Here are the latest photos, taken in our hotel room in Amsterdam:

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On our first full day in Germany, and on Botond’s advice, we took the S-Bahn (the ‘S’ stands for ‘schnell’ – ‘fast’) train down about as far as it goes to the south-west of Berlin. It didn’t cost that much – a day ticket covering zones A, B and C cost €6.80.

When we got there it was raining a little and we took the bus (as Potsdam is in zone C, this was covered by our ticket) to Schloss Sanssouci – Sanssouci Palace. We queued up for a while outside this fairly small, though lovely pastel yellow edifice – our Lonely Planet book stated that they only allow 2,000 visitors a day into the UNESCO-protected building, so we’d tried to get there reasonably early. We decided that maybe the €12 or so entrance wasn’t going to be worth it; we were cold and our guide book told us the place to visit if time was limited was the New Palace at the other end of Sanssouci Park.

The park is a massive place that contains at least four palaces and various other notable buildings. We made our way down the Main Avenue to the grand edifice of the New Palace – only to find that it was closed for renovations – apparently 2012 is the 300th anniversary of the birth of Frederick the Great, Friedrich II, so it’s being spruced up for the celebrations.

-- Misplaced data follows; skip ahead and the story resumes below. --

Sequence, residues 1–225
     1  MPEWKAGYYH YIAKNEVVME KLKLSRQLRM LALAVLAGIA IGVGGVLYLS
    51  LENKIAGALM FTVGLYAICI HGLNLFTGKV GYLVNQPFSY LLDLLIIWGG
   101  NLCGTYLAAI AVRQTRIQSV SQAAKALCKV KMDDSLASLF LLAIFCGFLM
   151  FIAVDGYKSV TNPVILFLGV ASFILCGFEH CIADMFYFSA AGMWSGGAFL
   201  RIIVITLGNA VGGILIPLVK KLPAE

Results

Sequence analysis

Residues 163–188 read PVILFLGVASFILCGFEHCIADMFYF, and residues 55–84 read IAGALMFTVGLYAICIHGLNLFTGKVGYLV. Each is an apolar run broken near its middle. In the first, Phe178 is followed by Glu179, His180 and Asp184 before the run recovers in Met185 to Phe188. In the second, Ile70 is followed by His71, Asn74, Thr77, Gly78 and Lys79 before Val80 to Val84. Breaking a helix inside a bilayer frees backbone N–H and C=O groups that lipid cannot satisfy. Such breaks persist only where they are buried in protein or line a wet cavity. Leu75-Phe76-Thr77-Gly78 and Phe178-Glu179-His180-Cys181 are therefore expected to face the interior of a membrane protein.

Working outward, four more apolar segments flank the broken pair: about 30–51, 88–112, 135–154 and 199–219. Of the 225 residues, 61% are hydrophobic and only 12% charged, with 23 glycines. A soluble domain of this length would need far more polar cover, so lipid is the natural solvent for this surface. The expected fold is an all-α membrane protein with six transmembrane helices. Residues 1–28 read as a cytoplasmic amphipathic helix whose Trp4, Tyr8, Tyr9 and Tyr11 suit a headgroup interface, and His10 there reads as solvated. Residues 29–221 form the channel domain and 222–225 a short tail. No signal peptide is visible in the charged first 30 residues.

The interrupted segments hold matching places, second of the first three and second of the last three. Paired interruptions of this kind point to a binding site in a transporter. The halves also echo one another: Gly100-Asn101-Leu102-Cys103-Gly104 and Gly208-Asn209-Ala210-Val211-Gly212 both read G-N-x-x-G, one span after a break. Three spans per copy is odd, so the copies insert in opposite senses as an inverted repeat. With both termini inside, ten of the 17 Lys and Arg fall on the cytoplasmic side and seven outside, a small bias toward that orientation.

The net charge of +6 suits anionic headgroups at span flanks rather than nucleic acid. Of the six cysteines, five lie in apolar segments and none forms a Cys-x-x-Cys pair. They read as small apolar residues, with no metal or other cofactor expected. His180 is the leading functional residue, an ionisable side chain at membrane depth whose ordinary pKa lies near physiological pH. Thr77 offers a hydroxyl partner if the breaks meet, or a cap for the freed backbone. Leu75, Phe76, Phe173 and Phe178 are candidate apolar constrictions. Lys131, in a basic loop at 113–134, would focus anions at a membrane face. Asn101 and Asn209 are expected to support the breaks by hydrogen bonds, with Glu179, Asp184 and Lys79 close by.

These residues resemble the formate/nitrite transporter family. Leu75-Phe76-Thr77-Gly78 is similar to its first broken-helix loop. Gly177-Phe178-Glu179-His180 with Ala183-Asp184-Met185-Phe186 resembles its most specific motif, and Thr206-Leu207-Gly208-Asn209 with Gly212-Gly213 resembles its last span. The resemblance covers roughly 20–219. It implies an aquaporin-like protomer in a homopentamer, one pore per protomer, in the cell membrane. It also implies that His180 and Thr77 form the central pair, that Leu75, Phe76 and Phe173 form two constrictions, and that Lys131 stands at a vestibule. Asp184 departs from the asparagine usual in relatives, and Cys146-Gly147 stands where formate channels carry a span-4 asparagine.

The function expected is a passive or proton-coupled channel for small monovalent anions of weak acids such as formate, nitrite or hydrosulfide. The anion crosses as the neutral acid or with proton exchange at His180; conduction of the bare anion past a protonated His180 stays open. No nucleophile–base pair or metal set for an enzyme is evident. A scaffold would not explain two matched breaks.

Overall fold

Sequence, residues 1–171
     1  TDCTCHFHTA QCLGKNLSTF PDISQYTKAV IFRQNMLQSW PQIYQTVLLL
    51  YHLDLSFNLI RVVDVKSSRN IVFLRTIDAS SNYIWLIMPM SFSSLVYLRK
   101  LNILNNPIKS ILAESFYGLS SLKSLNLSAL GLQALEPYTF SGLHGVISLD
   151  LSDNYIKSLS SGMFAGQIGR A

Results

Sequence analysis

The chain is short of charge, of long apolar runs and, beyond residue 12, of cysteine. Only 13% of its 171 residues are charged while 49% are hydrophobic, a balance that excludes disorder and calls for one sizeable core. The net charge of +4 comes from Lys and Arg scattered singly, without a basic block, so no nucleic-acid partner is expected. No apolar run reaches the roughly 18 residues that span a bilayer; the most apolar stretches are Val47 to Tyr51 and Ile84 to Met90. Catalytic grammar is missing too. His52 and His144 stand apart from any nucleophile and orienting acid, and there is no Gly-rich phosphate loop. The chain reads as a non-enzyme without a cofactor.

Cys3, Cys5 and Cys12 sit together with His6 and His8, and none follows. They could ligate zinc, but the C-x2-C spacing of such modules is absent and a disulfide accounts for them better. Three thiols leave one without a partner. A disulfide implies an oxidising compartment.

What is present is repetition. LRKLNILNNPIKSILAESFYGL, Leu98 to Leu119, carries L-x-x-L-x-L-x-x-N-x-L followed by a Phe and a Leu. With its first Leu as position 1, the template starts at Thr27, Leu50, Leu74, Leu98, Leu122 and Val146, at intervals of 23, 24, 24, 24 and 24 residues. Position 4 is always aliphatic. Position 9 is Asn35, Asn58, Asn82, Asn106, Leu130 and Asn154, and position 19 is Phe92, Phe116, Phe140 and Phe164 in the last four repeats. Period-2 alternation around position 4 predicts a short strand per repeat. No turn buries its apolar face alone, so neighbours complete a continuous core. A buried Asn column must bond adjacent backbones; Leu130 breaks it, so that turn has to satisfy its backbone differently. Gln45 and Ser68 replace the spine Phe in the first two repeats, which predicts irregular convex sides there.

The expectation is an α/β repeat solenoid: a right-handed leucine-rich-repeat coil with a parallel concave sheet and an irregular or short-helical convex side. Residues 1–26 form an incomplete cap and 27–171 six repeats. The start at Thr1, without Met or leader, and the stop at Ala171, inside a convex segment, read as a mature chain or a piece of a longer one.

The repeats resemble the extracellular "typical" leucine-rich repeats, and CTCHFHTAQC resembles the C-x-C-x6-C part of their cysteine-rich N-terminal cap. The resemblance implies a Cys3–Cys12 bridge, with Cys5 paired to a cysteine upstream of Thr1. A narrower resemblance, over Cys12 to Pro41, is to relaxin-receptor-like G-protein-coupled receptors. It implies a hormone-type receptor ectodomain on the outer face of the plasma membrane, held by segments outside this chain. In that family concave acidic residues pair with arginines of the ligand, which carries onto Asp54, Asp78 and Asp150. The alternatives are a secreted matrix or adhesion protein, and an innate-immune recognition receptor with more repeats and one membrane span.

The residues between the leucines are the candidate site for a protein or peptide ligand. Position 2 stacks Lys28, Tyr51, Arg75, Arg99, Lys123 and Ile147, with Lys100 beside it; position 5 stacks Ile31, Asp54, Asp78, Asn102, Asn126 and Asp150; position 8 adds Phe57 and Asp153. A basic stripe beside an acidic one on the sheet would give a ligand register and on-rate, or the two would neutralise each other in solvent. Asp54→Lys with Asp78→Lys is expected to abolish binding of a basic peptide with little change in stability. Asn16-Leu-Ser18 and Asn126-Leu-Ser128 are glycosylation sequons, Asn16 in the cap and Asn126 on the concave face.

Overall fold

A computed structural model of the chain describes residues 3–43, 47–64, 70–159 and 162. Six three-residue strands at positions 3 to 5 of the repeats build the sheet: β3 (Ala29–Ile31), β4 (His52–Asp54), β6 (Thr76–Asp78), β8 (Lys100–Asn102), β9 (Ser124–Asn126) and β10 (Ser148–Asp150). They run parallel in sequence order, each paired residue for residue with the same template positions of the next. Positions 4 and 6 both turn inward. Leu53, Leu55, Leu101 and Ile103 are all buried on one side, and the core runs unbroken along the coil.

We had lunch on a cold, wet bench nearby and headed back up to the other end of the park, passing the gilded Chinese House, various statues – including some of black slave characters looking at masterful Roman figures – and an obelisk, took photos of mandarin ducks while Habiba threw rice snack to them, and went for a coffee in the historic town centre.

From there, we walked to the New Garden, a slightly more modest park, but still pretty huge and beautiful. It was especially beautiful, as the weather had cleared and the was a vibrant, afternoon blue, dotted with a few small clouds. The main sight to see here was Schloss Cecilienhof – Cecilienhof Palace – a fairly small, orange building built in Tudor style for a princess.